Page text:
PITTSBURGH — Pittsburghers always come to the table whether it’s here at home or abroad when it comes to a crisis.
“I was just on my way over here and I saw a yard sign reminding us of everything that Fred Rogers taught and believed in, so it just seemed like the thing that Pittsburghers would gravitate toward, and I wanted to be part of it,” said Doug Penhallegon.
We ran into Penhallegon at Biddle’s Escape in Wilkinsburg. He came to their bake sale to donate to the people of Ukraine.
“The war just seems so one-sided. It seems so wrong for Russia to attack Ukraine on the way that they are, and it offended me as a human being,” said Penhallegon.
“We could not be more appreciative of how Pittsburgh comes together to help others,” said Ozzy Samad.
Samad is the president of the Brother’s Brother Foundation. He tells Channel 11 they’re partnering with different groups on the ground to support mobile medical units in Ukraine. They’re planning to fly medical supplies into Poland to help people injured from fighting Russia in Ukraine.
“The second is that we have a needs list that we have received from the U.S. Embassy very close to the situation, and we’re acquiring mostly medical supplies related to wound care,” said Samad.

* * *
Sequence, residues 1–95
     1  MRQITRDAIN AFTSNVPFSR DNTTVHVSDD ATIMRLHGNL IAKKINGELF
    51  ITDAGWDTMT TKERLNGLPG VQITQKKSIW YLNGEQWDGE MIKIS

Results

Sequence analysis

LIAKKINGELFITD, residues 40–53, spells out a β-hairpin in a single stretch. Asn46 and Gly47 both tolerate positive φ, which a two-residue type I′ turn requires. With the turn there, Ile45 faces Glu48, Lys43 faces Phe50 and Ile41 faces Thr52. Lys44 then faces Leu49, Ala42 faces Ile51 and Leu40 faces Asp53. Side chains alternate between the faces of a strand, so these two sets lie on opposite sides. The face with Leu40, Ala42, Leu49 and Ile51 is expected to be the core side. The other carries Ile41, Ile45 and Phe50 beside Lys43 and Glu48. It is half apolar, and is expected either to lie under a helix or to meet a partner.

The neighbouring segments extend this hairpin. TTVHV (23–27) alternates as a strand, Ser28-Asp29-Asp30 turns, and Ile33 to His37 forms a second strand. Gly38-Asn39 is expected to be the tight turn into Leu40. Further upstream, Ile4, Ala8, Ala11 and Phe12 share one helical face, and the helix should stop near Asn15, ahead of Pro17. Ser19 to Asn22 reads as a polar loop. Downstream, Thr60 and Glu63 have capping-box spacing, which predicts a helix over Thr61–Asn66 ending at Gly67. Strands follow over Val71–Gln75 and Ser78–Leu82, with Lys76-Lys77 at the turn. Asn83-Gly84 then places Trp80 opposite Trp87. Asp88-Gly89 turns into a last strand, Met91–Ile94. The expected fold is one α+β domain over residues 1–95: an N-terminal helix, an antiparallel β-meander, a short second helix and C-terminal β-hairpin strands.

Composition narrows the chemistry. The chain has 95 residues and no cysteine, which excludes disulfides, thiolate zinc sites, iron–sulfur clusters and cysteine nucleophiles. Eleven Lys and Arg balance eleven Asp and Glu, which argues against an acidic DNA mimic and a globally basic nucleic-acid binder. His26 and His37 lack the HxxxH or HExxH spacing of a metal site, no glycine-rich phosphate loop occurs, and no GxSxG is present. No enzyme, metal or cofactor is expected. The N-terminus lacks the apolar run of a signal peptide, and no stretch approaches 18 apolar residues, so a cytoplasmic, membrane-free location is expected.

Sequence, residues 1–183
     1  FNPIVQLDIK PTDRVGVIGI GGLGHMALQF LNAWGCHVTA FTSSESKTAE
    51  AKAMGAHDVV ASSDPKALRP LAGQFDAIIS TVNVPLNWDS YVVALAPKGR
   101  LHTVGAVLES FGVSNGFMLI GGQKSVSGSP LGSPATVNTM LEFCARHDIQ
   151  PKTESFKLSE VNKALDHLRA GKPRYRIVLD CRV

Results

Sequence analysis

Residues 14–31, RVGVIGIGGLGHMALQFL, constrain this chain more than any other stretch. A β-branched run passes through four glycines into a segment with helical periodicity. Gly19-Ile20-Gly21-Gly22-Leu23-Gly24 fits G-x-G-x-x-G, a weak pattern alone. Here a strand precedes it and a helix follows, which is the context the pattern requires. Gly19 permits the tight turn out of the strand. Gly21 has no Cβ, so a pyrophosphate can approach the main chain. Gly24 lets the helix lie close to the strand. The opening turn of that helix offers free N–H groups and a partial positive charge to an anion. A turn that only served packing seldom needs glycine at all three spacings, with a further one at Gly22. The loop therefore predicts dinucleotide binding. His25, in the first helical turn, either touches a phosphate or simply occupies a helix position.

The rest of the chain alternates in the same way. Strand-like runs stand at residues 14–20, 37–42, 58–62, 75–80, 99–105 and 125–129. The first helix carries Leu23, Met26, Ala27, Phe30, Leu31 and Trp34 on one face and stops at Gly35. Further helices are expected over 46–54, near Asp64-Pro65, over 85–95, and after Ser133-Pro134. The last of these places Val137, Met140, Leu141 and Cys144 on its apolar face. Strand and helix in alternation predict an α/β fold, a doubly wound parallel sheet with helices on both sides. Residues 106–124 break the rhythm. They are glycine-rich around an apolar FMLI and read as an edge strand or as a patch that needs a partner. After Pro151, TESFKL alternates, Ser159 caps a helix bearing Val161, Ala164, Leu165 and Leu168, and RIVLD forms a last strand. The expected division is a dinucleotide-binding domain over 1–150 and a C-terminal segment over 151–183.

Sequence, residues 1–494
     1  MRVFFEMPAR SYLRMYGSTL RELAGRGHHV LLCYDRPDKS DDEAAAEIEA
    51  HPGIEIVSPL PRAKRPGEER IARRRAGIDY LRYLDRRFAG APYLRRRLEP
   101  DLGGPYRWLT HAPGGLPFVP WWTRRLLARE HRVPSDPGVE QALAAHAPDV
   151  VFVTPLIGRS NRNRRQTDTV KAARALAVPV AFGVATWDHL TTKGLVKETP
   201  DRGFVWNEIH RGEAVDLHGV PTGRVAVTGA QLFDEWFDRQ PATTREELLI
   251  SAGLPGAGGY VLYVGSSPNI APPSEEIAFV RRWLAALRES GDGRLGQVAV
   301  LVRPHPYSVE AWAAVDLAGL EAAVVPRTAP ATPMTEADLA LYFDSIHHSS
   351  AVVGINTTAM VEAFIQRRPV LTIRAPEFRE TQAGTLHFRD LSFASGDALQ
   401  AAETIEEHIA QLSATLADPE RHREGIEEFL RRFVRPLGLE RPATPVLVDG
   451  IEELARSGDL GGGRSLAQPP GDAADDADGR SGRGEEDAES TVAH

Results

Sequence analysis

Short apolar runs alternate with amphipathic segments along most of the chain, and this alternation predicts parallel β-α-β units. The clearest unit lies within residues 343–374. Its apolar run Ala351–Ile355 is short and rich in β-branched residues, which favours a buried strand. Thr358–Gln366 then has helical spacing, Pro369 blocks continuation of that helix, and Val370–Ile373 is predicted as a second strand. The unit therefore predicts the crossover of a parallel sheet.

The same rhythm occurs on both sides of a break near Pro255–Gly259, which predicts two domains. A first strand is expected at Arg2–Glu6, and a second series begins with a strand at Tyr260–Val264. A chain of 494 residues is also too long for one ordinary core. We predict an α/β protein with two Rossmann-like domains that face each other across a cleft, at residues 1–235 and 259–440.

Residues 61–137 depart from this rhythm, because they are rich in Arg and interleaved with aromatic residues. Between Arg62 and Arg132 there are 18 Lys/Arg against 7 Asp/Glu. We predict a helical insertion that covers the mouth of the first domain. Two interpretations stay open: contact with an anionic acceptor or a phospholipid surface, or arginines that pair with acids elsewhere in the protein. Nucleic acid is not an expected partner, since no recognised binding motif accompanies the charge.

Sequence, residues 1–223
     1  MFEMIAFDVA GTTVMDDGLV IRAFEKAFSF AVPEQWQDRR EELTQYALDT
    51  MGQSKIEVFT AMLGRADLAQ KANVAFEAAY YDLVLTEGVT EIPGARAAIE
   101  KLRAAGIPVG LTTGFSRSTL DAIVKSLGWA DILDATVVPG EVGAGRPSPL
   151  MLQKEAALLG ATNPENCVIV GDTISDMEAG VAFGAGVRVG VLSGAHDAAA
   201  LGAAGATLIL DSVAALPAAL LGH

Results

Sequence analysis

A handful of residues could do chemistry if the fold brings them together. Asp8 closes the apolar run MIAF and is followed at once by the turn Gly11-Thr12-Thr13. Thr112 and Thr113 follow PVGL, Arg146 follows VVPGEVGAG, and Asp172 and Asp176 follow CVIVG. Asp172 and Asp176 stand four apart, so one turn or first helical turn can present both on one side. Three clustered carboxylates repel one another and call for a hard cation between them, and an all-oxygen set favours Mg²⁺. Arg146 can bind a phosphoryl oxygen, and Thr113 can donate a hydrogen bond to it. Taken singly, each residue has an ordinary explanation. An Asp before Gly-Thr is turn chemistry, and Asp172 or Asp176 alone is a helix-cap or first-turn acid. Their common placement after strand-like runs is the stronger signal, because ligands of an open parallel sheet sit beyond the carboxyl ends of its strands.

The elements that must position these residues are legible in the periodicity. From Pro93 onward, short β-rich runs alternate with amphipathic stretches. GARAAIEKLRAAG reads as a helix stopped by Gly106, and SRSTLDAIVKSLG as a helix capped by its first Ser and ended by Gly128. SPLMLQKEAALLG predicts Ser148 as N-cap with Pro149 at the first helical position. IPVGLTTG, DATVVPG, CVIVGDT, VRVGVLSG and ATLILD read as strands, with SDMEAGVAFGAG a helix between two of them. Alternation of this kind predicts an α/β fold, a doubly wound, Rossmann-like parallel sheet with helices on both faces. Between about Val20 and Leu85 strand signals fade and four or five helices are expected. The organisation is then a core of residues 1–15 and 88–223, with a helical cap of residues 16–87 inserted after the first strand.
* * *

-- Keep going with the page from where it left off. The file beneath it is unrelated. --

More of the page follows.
He says they’ve received more than 150 separate financial donations since last night and they still need more. He says while they’re getting ready to help people in Ukraine, they’re also helping people affected by disasters in Kentucky, Haiti and Africa.
“Experienced Disaster Relief Charities are always going to be the best bet to help deliver that aid as quickly as possible,” said Western Pennsylvania Better Business Bureau representative Caitlin Driscoll.
Driscoll says those looking to donate should make sure the charity can deliver the goods or services to those in need.
She also tells Channel 11 people should avoid crowdfunding services and make sure the relief charity is in good standing with the BBB.
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